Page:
Every month I take a little time to talk about my work as a children's illustrator and storyteller. I had a wonderful experience recently. I wanted to find out more about Octopuses. Because they are the main characters in my new book, along with a mermaid. Octopuses are very hard to draw, they are great shape changers, having no bones, they have the ability to change color and pattern, and they can even change the texture of their skin. Their eight arms are really too much for our human minds to track. They are able to be so graceful and facile. The astounding thing is their intelligence though, and their willingness to be curious and interact with humans.
I was given the opportunity to meet an Octopuses, Sy, a young Giant Pacific Octopus who lives at the New England Aquarium in Boston. Her premier care taker is Bill Murray, and he introduced us. I prepared by reading everything I could find about Octopuses, but hit pay dirt when I found that one of my favorite authors, Sy Montgomery has written a compelling and illuminating non fiction work about her experiences with Octopuses at the aquarium. I love chickens, and Sy's book BIRDOLOGY was my multiple Christmas present for many of my friends. Her book, SOUL OF AN OCTOPUS was my magic carpet for a start to understanding these amazing creatures. A few years ago I had a strange experience at an aquarium in Tampa, Florida. The Octopus was free swimming in its tank when it kind of locked on to me and started tracking me and looking in my eyes. I kind of shrugged it off thinking it was my imagination, but I felt effected. Then, my daughter and her husband had an experience with a huge six foot Giant Pacific Octopus in the ocean just off their beach in Okinawa, Japan. Months later they took me snorkeling, and although I'm pretty timid in the coral reefs, I was charmed by the most adorable baby Octopus I saw. My son in law Tom saw it first, only about three inches tall but perfectly formed, the color of sand. So this is how my interest was piqued. Then, a friend I know from the Boston Symphony, Alan Dynner, offered to introduce me to the aquarists at The New England Aquarium. We arrived early on a Monday, and saw Ana, an Octopus I had visited before who was tending her eggs. Then we saw Sy who was neatly bunched up in a corner of her beautiful environment, next to but not in the tank with Ana. Soon, Sy was on the move creating a dazzling display of grace and fluidity. She changed color from whitish pink to red to mottled and made the show even more astounding by raising her skin in various bumps and swirls, including little raised horns where a human?s eyebrows would be. After she settled, Bill, her protector and friend introduced her to me on the aquarium side of the tank. It was like being backstage. After seeing a newly arrived blue lobster, Bill opened her tank. This is a big deal because Octopuses are very deft at escaping their tanks. They are very curious and a huge six foot octopus can squeeze through an inch hole or confuse an inauspicious acting human with their formidable bag of tricks. Bill first patted the surface of the water to send vibrations to let her know he was ready to interact with her. Then he waved a fish or maybe a squid on a long wand in the water near her. Well that did it. She was immediately climbing up the tank with her arms up out of the water feeling around for Bill, who she knows and treats like a buddy or sibling. I say sibling because she tests and teases him. She was curious about my arms which I dropped into the water of her tank. She tastes people with her suckers. They are very forceful but not icky or creepy. But having said that, I would have to say you respected their strength and sense of purpose. I got the feeling she wanted my hand and it was being pulled toward the center of her eight arms which is where her mouth and sharp beak are. You don't want that to happen. Bill's main challenge was helping me pull off her arms like Velcro. They even made a noise like sloppy wet Velcro. She was good natured about me not wanting to go head first into her tank. It was like a big game for her. Strangely, it reminded me of another creature, an African Elephant we met in Botswana. He was also smart like a dog, but had a mischievous component that wasn't in the "man's best friend" category. A lot of time went by as I got to know Sy a little. She decided to liven things up when I wouldn't let her have my hand by giving me a little splash with her jet. Kind of like kids when they kind of splash water at you playfully. Bill would call it and would put his hand up to block it. I think they enjoyed playing this game. Sy was like, "Ok I've been really good so now I get to splash you!" I was exhausted after the whole intense experience, so much so I went to Starbucks and had a cranberry orange scone something I never ever do. I am totally grateful to the Aquarium for their generosity in sharing their amazing octopus especially since they can't be visiting with people too often as it?s not in their normal life style. Number one is for the creature to have as stress free and natural as possible lives.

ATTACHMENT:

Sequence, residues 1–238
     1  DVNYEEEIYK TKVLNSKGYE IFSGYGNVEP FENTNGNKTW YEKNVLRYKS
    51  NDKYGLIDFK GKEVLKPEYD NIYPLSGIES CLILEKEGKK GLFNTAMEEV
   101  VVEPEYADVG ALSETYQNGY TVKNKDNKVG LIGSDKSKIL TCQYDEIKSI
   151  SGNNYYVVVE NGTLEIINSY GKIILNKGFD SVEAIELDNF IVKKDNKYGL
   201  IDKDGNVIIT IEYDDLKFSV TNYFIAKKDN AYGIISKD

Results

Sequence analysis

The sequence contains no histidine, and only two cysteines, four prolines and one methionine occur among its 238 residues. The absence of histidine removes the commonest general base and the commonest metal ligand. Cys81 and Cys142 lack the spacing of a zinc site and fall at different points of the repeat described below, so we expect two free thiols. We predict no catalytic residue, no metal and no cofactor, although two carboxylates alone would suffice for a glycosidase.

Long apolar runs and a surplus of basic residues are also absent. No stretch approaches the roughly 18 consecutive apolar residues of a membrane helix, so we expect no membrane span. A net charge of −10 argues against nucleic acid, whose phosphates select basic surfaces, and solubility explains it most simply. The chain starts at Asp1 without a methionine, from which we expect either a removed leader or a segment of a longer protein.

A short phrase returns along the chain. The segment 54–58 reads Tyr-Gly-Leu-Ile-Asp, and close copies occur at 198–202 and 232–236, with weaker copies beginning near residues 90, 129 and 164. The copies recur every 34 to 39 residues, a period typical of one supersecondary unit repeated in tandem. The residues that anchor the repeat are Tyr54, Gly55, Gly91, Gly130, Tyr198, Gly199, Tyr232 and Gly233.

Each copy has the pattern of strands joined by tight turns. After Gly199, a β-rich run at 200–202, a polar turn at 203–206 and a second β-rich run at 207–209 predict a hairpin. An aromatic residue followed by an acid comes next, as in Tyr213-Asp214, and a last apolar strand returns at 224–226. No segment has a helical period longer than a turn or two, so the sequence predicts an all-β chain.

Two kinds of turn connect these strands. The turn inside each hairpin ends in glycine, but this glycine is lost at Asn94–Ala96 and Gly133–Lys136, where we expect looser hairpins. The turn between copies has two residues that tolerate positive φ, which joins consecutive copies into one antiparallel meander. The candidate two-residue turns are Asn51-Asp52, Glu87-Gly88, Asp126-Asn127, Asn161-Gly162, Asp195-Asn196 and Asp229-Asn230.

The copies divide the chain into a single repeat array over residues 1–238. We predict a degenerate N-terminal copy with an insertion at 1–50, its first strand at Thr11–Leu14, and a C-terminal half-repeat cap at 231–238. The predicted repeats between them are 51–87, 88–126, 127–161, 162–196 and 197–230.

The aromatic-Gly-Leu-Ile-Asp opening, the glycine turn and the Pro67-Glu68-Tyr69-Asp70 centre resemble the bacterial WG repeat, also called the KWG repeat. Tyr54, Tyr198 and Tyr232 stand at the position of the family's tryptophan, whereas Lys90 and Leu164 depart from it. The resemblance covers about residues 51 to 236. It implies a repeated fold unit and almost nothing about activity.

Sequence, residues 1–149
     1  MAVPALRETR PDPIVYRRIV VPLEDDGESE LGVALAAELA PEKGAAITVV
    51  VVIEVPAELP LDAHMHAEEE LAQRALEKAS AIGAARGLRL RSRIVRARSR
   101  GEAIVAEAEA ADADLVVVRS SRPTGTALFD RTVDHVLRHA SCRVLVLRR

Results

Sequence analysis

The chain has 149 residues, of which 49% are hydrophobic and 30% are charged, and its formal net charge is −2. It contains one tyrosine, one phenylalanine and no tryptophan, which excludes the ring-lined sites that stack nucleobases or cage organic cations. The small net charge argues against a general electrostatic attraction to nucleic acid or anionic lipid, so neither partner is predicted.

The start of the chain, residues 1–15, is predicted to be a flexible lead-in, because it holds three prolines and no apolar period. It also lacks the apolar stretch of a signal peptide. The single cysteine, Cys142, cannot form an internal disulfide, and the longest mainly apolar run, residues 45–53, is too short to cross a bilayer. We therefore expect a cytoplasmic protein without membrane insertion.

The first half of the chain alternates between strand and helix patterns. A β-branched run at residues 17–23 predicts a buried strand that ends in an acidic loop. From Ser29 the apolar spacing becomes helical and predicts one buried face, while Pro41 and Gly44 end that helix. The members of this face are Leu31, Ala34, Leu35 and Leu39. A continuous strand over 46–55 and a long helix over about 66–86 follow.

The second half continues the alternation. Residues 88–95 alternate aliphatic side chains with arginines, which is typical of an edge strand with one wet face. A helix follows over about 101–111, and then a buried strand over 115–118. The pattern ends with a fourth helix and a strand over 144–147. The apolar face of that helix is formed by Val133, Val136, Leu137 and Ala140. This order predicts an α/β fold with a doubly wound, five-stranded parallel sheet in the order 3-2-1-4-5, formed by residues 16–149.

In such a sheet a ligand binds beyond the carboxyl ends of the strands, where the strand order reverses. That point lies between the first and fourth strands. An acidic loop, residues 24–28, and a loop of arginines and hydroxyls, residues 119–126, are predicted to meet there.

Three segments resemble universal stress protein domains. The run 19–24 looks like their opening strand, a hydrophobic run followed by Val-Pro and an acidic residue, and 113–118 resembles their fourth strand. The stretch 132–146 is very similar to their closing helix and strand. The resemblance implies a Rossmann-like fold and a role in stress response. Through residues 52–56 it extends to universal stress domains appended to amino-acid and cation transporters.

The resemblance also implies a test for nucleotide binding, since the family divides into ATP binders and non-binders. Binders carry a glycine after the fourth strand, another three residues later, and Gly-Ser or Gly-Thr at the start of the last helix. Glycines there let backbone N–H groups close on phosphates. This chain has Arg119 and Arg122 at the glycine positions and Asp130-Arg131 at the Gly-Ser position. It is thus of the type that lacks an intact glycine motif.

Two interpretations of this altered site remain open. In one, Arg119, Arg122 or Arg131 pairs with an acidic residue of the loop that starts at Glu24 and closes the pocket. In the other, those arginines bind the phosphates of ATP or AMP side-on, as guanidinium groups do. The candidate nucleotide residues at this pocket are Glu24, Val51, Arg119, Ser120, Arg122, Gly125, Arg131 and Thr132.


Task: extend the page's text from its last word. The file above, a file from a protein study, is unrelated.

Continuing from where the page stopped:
Now the hard facts are I have to try and pay back for my amazing experience by painting really authentic and characterful Octopuses for my book. Even though it is inevitable that I will fall short, that's my instinct to try.
Happy drawing and creating your favorite creature
Your friend. Jan